Step 3: Determine which business tax forms you need for your business entity
You’re probably well acquainted with Form 1040, the U.S. individual income tax return form. But what tax forms do you use if you’re a small business owner?
Well, it depends on what type of business entity you have.
Small business owners can register their business as a sole proprietorship, partnership, corporation or S corporation, or a limited liability company. Each entity pays taxes differently and uses different forms to file. Here are the forms you need for each different business entity.
A sole proprietor is a business owner who has no legal distinction from their business. That means the owner is liable for any business debts.
If you work as a contract worker, such as a freelancer, Uber/Lyft driver, or independent consultant, you could register as a sole proprietor. The company you contract with will send you a Form 1099, which reports how much it paid you that year for your contract work. If you earned more than $400 total in 1099 income, you have to claim this income on your individual tax return (Form 1040).
When filing as a sole proprietorship, you must use a Schedule C to file your business tax return. Just attach this form to your individual income tax return (Form 1040), and you’re ready to go. If your business is fairly straightforward (no employees, no inventory, no home deductions, and expenses under $5,000), you can use the less complicated Schedule C-EZ to file your company tax return.
A partnership is a business with multiple owners running the company. The partnership itself doesn’t pay income tax—instead, the company profits go to each partner, and each then reports the income on their individual tax return.
But a partnership does still file Form 1065 to report all profits and losses related to the business. Partnerships will also need to use a Schedule K-1. This form shows which partners claim specific deductions, credits, income, and more for accurate individual filing.
If your partnership employs additional staff, use Form 941 to cover quarterly employment taxes (such as Social Security, Medicare, and income tax withholding) and Form 940 to cover federal unemployment tax (FUTA).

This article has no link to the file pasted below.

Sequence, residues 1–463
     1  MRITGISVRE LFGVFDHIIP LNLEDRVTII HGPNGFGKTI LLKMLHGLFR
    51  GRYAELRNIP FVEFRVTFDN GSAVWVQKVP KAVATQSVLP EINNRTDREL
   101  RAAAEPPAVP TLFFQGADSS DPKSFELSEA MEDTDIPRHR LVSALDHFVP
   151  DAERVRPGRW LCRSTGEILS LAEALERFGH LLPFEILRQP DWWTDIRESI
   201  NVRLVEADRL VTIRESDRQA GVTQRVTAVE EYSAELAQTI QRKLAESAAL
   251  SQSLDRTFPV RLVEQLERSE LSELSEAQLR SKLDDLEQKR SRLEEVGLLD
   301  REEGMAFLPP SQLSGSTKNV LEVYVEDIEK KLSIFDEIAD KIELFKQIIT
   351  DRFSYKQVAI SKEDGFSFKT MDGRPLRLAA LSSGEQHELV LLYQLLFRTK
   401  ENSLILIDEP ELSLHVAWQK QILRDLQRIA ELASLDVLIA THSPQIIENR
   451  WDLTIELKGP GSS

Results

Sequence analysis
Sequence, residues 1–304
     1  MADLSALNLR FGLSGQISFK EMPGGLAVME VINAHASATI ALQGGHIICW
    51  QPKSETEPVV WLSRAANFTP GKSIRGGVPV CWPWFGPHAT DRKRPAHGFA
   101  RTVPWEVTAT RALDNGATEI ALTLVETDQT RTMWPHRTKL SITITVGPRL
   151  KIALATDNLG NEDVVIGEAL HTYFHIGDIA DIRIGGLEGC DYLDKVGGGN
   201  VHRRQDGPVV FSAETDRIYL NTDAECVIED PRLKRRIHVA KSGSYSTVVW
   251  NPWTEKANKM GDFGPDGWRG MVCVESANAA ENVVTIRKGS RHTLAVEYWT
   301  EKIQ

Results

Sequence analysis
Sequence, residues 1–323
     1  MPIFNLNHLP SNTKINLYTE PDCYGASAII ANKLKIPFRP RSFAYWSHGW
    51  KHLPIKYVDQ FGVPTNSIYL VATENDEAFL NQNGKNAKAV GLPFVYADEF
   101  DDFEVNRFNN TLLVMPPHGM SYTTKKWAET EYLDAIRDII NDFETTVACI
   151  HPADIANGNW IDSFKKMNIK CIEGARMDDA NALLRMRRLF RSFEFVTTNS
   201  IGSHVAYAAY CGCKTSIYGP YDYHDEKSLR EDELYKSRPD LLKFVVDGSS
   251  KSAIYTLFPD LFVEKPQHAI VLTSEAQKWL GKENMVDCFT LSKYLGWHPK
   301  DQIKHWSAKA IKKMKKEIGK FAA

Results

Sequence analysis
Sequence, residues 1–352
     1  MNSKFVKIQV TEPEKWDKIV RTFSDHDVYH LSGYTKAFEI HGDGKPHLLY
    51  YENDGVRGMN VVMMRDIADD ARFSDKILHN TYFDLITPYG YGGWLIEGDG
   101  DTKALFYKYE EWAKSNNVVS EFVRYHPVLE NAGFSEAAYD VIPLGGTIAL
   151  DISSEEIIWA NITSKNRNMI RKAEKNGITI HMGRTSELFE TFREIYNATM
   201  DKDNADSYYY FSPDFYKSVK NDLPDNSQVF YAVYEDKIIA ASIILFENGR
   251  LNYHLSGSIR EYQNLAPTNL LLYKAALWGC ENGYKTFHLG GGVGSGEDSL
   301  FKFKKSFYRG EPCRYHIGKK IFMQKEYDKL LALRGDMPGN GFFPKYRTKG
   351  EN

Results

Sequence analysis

Corporations and S Corporations
Small business owners can also structure their business as a corporation if they want corporate taxation rates. The legal system recognizes corporations as its own legal entity—meaning that, legally speaking, it’s independent from the owner(s). So if the business is sued, the owners’ assets aren’t on the line.
Corporations must file a corporate tax return using IRS Form 1120. Take note that S corporations will use Form 1120-S.
Just like partnerships, corporations are also responsible for filing quarterly employment taxes. Use Form 941 to pay the employer portion of your staff’s social security and Medicare taxes, as well as the income tax withholdings from each employee’s paycheck. Form 940 covers the federal unemployment (FUTA) tax.
Limited liability companies (LLCs)
Just like a corporation, an LLC is a separate and distinct legal entity from its owners, even if there is only one owner. Some business owners opt for this set up so that they aren’t personally liable for any business debts if the LLC struggles financially.
Depending on how you set up your LLC with the IRS, you might file business taxes as a corporation, a partnership, or a single-member LLC. An LLC taxed as a corporation uses Form 1120 to file taxes. If your LLC has multiple owners, it’s taxed just like a partnership: you file using Form 1065. A single-member LLC pays taxes as if it were a sole proprietorship—meaning you use Schedule C to account for your tax payment and attach it to Form 1040.
Questions about what type of business entity you have, or should have if you want to pay the lowest tax rate possible, should be directed toward an accountant. An accountant can estimate what tax amount you would owe depending on what type of business entity you select.